The first issue of the Sheffield Evening Telegraph was published on 7 June 1887 by W. C. Leng and Company. William Leng, a former chemist, was a Conservative activist and elder brother of John Leng, the Liberal owner of the Dundee Advertiser. He already ran the Sheffield Daily Telegraph and, encouraged by its success, he decided to produce an evening edition. It consisted of 4 pages and was priced at one halfpenny.
In his first editorial Leng promised an “eminently readable paper, bright and sprightly while replete with information”. It would have “a little of everything and not too much of anything”. However, he could not resist getting into political mode, writing of a desire for the public to have “an evening newspaper faithful to the unity of the United Kingdom” and “unspoiled by any odour of “Parnellite juice”.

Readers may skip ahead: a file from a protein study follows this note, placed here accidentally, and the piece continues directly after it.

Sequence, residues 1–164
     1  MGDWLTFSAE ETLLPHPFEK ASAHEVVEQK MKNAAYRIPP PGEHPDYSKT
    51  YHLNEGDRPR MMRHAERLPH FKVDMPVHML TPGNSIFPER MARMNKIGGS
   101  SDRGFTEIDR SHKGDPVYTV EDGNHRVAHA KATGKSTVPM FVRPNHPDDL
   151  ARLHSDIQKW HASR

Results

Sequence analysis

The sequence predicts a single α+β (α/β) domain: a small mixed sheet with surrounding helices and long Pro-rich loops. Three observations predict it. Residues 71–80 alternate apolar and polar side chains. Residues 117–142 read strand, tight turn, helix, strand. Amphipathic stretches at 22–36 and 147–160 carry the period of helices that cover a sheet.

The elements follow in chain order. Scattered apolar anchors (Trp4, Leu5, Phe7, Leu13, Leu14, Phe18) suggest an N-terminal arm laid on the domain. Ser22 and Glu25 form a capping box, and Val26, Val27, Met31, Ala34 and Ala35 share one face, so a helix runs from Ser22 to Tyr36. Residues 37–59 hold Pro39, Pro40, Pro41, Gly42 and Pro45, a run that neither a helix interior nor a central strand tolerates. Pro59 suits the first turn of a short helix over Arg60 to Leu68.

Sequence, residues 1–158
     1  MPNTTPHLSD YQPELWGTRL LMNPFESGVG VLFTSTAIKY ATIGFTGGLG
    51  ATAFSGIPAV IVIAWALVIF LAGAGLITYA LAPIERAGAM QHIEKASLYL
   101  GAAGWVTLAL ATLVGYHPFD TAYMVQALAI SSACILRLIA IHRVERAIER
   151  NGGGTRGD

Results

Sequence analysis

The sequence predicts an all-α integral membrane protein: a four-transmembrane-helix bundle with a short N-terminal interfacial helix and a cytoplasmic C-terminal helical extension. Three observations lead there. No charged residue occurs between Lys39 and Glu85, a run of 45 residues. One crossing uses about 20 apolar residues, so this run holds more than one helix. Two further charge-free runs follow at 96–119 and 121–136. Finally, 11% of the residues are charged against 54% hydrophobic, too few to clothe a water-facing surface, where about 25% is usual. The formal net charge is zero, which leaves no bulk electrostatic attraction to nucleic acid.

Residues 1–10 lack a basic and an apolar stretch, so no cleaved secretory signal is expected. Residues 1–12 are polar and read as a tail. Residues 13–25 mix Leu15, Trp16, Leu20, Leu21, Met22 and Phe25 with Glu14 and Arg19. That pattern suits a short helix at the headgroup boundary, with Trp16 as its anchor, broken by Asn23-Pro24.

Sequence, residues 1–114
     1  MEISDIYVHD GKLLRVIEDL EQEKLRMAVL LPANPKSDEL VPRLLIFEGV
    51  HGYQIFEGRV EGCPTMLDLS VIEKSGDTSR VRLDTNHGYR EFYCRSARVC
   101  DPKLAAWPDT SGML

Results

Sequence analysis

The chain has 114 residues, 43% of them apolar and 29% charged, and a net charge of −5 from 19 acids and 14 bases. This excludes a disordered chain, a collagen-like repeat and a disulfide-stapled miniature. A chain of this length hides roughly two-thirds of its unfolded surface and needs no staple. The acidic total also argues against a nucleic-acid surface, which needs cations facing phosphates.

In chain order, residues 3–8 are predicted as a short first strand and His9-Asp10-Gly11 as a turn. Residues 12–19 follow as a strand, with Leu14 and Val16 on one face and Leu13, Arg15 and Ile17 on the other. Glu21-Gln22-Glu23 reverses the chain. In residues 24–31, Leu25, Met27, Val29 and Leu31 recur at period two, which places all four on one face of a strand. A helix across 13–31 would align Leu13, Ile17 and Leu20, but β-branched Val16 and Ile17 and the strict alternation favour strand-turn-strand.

True to his word, the paper did contain small snippets of news, and included sensational items such as dramatic incidents, freak accidents, sudden deaths, brutal assaults and suicides. It also focussed on sports news, mainly horse racing and cricket.
Competition ensued with the rival evening paper, the Liberal Sheffield Evening Star, run by J. D. Leader who also owned the Sheffield Independent. Within a year, the ailing Evening Star was absorbed by the EveningTelegraph which was renamed the Evening Telegraph and Star and Sheffield Daily Times. In 1898 the name was changed to Yorkshire Telegraph and Star and in September 1907 a six page "Sports Special", was introduced printed on green paper.
For this newspaper, we have the following titles in, or planned for, our digital archive:
1887–88 Sheffield Evening Telegraph
1888–97 Evening Telegraph and Star, and, Sheffield Daily Times